- Wound Recurrence Rate [ Time Frame: 90 days after time of healing ] [ Designated as safety issue: No ]Patients whose wound has healed (defined as 100% epithelialisation with no scab present) before or at the end of treatment will be asked 90 days after date of healing if their wound has remained closed.
|Study Start Date:||August 2012|
|Study Completion Date:||December 2013|
|Primary Completion Date:||December 2013 (Final data collection date for primary outcome measure)|
Active Comparator: Standard Care
Standard treatment for VLUs is administered once a week, i.e. compression bandaging and non-adherent dressing, with debridement if required.
Other: Standard Care
Compression bandaging, non-adherent dressing, and debridement if required.
Experimental: MIST and Standard Care
MIST ultrasound therapy is applied for between 3 and 12 minutes (depending on wound size) 3 times a week in combination with standard treatment for VLUs of compression bandaging and non-adherent dressing change 3 times a week, with debridement as required.
Device: MIST ultrasound therapy
Low frequency, non-contact ultrasound system delivering therapeutic ultrasound via a fine saline mist to the wound bed.
Other Names:Other: Standard Care
Compression bandaging, non-adherent dressing, and debridement if required.
Venous leg ulcers (VLUs) are wounds which are often chronic and difficult to heal. VLUs affect between 1 and 3.2 people per 1000; they cause pain, reduced mobility and impact negatively on patients' quality of life (QoL). Standard treatment for patients with VLUs is the application of strong, sustained compression with bandages or stockings. This pragmatically-designed study aims to determine whether the use of a device called MIST used in combination with standard treatments can improve healing of VLUs compared to UK standard practice. It will also show whether the MIST regimen improves participants' QoL and reduces the incidence of infection.
The MIST ultrasound system is a non-contact device which delivers low-frequency ultrasound through a gentle saline mist directed at a patient's wound. Patients (over 18 years old) will be invited to take part in this study if they have had a VLU for 6 weeks or more, which measures between 5 and 100 cm^2, and is not infected. Participants with diabetes must show good blood glucose control, and those with underlying chronic disorders which may affect wound healing will be excluded.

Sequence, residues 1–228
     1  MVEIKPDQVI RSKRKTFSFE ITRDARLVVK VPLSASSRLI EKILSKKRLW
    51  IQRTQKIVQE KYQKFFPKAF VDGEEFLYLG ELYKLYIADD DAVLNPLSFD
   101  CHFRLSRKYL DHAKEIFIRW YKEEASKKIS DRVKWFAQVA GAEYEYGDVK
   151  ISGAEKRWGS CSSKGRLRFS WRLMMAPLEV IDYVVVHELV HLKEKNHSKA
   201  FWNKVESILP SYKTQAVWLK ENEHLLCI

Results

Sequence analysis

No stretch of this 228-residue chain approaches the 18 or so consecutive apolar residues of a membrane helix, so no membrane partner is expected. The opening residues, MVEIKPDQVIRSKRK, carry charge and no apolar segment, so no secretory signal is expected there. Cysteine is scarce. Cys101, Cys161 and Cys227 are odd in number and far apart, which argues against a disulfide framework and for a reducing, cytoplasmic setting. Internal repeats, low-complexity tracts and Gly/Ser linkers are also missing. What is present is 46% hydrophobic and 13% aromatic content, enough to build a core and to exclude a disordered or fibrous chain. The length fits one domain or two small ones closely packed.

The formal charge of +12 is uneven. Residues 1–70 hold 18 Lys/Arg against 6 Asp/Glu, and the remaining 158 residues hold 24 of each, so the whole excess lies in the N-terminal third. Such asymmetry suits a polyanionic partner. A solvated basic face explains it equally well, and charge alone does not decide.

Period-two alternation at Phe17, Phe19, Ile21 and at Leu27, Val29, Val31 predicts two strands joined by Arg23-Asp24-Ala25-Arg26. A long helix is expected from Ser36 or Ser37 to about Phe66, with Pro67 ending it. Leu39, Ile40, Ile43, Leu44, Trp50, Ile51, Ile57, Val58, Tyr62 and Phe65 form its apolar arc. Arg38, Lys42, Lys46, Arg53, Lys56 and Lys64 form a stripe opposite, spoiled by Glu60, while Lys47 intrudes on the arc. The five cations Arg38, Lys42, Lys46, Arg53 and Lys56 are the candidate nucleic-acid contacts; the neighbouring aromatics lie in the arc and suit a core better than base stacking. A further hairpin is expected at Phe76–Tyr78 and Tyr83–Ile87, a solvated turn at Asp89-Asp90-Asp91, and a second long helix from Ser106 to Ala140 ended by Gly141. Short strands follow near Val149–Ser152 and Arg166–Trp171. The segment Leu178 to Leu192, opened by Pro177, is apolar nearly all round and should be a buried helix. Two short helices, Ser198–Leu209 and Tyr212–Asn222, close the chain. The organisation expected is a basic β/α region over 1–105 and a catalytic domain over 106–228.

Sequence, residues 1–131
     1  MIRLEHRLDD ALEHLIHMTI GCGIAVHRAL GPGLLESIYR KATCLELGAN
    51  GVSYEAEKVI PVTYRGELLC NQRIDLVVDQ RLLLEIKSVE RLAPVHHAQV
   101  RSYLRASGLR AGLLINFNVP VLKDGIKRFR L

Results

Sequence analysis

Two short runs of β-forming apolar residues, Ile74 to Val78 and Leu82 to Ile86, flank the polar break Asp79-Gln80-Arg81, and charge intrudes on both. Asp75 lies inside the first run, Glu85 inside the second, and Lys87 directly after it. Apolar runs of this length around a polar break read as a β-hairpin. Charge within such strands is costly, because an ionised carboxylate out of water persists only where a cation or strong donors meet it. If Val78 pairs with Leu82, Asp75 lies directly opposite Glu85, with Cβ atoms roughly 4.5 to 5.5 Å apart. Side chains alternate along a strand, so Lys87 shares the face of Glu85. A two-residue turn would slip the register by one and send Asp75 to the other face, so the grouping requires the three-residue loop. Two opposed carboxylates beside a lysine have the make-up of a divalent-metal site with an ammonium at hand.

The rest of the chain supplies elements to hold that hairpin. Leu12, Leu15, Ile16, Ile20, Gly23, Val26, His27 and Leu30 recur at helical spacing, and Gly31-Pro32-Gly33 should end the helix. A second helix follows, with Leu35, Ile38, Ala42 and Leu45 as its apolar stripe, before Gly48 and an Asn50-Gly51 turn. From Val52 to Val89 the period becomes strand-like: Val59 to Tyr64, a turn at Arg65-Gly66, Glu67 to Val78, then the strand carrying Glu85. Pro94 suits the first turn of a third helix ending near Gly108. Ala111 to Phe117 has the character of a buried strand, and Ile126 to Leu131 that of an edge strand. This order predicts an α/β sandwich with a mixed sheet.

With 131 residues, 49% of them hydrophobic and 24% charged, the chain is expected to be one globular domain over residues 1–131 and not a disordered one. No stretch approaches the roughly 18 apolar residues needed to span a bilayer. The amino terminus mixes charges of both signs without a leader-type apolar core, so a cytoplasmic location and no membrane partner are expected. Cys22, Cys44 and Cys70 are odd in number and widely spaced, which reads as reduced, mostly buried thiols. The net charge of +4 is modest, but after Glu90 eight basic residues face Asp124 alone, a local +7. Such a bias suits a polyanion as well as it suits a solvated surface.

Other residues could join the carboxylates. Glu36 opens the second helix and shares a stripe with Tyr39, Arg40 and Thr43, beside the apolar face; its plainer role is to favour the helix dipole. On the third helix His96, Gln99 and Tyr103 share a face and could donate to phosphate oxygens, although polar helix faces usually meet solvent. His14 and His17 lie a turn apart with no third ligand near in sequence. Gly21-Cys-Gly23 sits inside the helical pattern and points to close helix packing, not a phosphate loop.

All study participants will receive four weeks of standard treatment once a week at a single clinic at the Wound Healing Research Unit (WHRU), University Hospital of Wales. Patients whose wounds reduce by more than 40% during this time will be withdrawn from the study. Remaining patients will be randomly allocated to either the active group or the control group to receive a further eight weeks of treatment. Participants in the active group will receive treatment with the MIST device three times a week, as well as standard care (change of compression bandage and dressings) three times a week. The control group will receive UK standard care (which is dressing and compression bandage change at least once a week). The participants' ulcers will be measured and photographed once a week, and the wound characteristics will be assessed. Changes in participants' health related QoL will be assessed using a questionnaire at the beginning and end of the trial. Wound recurrence rates 90 days after the end of the treatment will be assessed by telephoning patients.
Please refer to this study by its ClinicalTrials.gov identifier: NCT01671748
|Wound Healing Research Unit, Cardiff University|
|Cardiff, United Kingdom, CF14 4XN|
|Principal Investigator:||Keith G Harding, Professor||Wound Healing Research Unit, Cardiff University|